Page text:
# What is meant in regards to a falloff value in Perlin Noise algos?

I'm just starting to get the hang of Perlin Noise in general, but many sites I've read up on in regards to terrain generation refer to a falloff value.

It seems quite typical in 3D (cube-based terrain) to use the result of a 3D Perlin Noise function as a density test, where if it's greater than 0 it's land, less than or equal to 0 is air. Then simply offset the result from the function by the current y value before you do the density test to get smooth semi-flat terrain.

What I don't understand is what is meant in regards to a falloff value.

Can someone please explain what a falloff value in this sense is referring to, perhaps even using a code example?

-

The falloff is used to determine the weight of the octaves. You can either use explicit weights, which allows you to customize the result in a wider variety. Or you can use implicit weights with a falloff value. This will set the weights to an exponential function.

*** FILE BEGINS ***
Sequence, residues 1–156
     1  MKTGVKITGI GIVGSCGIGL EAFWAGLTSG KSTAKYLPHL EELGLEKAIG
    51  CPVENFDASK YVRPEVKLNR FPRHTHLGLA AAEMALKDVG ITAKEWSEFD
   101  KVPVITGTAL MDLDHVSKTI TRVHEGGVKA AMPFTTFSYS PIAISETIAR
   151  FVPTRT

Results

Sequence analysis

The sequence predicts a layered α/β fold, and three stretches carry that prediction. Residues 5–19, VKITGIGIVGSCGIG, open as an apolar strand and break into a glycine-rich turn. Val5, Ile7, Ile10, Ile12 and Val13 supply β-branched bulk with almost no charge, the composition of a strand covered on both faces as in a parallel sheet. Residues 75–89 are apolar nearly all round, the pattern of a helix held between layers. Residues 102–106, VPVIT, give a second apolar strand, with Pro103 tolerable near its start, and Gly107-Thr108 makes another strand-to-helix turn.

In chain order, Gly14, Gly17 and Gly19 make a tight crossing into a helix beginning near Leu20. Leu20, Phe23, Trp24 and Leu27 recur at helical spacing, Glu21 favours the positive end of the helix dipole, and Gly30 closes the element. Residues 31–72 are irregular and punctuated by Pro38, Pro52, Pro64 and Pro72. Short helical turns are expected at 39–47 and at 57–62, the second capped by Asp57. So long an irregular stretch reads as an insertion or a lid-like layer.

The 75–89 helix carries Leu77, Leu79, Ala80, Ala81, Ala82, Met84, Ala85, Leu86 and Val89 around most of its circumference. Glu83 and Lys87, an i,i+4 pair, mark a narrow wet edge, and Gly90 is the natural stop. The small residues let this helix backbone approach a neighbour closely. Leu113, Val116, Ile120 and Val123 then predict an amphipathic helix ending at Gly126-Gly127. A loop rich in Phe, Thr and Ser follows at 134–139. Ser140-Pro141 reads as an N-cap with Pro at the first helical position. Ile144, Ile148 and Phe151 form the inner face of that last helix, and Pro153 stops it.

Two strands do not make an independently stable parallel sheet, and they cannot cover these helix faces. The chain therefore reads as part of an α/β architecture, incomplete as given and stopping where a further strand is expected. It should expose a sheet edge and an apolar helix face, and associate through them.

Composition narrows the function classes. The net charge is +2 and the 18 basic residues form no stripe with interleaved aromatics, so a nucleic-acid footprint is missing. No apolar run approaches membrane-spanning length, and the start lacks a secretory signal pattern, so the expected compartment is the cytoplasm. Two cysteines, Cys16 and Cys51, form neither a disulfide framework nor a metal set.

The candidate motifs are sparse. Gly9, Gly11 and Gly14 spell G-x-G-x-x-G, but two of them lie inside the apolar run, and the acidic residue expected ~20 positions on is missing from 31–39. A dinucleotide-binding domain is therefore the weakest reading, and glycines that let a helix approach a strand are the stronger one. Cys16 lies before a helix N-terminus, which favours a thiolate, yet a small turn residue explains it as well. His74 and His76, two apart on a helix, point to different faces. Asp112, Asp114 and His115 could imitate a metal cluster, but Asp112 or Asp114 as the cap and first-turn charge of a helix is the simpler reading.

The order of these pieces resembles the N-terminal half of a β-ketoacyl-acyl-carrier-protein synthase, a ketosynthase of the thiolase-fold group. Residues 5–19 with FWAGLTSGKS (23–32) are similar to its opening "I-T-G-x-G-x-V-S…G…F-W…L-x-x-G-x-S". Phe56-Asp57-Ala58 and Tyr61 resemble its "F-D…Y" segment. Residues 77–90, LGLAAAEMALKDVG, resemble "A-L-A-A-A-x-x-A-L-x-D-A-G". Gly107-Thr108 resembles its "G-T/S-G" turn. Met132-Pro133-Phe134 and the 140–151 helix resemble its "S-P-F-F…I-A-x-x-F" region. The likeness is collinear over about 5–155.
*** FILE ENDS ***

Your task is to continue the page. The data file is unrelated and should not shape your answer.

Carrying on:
E.g. if you have a falloff value of 0.5, then the octaves' weights are as follows (unnormalized)

``````Octave 1: 1 = falloff ^ 0
Octave 2: 1 * 0.5 = 0.5 = falloff ^ 1
Octave 3: 0.5 * 0.5 = 0.25 = falloff ^ 2
Octave 4: 0.25 * 0.5 = 0.125 = falloff ^ 3
``````

The overall result is calculated with

``````Sum [i] ( (value of octave i) * (weight i) )
``````

Typically a normalization is needed, so that weights sum up to 1.

-